To be clear, not all states are Nation-States. And, not all peoples want to live together. Consider the tragic consequences of our failed experiment in nation-building in in a place that is not a nation-state—Afghanistan.  If only our politicians had been better historians, they would have better understood what they were getting into.  And then, we would appreciate our contribution to the devastating circumstances that we left behind. This is not to say that we didn’t do good things. It is simply to say that we–and especially we Americans–should have understood what it means to attempt to impose one model of political organization on another.

To understand the origins of the nation-state, it is important to reflect upon the nature of political change. Watch the video about natural evolution below and reflect upon how it gives us insight into the uniqueness of the nation-state.

The nature of historical change as seen by a paleontologist.  A fabulous thinker, Steven Jay Gould, offers an approach to studying fundamental change that I find totally convincing—evolutionary theory.  Watch at least the first 6 minutes of this stimulating video: WATCH  As you listen to Gould, ask yourself how his arguments about both human evolution, “punctuated equilibrium” (what does this concept mean?), and the extinction of dinosaurs can be applied to the evolution of political ideas and institutions.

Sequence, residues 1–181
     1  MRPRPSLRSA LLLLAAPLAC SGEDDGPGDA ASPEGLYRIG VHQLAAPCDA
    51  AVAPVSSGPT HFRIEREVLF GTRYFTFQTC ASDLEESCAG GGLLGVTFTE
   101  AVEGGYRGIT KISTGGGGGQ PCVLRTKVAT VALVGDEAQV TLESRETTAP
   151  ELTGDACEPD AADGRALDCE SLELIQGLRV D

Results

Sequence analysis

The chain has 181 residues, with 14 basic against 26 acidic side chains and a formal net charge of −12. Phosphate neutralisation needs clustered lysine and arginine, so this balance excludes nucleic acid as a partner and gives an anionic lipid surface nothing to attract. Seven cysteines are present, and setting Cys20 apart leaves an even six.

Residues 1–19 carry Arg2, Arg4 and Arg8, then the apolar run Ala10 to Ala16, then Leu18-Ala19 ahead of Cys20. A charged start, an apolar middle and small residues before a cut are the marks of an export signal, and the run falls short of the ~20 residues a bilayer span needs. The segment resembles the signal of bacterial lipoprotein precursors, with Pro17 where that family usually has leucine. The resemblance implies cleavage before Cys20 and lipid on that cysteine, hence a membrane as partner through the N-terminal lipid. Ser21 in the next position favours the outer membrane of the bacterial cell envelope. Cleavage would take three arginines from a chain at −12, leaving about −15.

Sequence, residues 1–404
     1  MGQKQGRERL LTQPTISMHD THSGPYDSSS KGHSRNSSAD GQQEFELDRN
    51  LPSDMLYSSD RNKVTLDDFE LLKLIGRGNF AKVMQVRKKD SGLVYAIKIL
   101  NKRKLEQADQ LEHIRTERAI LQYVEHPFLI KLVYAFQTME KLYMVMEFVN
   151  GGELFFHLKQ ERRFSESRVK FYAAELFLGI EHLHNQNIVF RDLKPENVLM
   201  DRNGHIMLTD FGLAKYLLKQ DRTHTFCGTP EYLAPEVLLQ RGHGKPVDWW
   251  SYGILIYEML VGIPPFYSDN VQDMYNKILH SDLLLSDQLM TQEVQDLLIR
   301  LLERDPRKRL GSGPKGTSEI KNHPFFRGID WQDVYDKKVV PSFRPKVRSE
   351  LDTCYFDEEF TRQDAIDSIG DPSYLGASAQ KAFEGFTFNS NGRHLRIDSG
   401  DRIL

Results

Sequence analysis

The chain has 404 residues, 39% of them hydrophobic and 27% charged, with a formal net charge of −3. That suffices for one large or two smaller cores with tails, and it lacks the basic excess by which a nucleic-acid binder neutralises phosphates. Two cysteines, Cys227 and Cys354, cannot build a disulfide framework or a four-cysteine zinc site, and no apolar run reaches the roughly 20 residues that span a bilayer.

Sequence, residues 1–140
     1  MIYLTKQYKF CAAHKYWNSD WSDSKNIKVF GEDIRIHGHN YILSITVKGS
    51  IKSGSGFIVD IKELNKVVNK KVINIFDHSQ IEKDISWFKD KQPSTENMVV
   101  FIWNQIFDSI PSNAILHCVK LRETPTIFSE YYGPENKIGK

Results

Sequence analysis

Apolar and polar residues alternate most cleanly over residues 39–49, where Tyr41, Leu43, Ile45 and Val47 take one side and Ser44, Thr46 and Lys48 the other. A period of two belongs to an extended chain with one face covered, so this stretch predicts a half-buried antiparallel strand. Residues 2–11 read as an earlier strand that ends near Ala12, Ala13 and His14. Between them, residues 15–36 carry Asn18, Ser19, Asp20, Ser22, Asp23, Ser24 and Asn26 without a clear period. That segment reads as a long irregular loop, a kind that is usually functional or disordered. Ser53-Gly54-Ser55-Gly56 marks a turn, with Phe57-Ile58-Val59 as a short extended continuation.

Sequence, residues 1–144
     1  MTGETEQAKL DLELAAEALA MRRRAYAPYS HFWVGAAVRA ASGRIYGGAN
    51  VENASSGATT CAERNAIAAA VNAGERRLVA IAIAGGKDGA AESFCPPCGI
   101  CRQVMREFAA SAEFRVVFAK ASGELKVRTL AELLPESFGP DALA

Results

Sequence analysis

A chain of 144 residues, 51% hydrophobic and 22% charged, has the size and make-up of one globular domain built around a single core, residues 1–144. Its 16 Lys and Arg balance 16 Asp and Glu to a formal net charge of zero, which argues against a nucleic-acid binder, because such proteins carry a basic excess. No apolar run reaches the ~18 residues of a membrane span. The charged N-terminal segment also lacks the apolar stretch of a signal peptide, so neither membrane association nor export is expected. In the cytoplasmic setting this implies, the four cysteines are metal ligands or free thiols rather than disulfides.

Are we currently living in a state of punctuated equilibrium?  I think so.

Look ahead to your Friday discussion section.  You have a paragraph assignment.

2. DISCUSSION SECTION:  Friday, January 20

This discussion section is about the implications of living in a modern nation-state. It will also relate to Monday’s lecture about a particular form of modern politics–the liberal nation-state.

Today, we will discuss what it means to be a real American (or a real member of any political community).

How do we decide who is fit to belong in the United States? How do we decide who does not? Assuming you are an American citizen–and I realize that some you are not–how did you acquire this title? Should every American do more to reasonably be called a citizen? If so, what?  Finally, how are Americans doing with those who becomes their fellow citizens?

If you are from another country, how easy is it to become a citizen in your home? Is it easier or harder than in the US?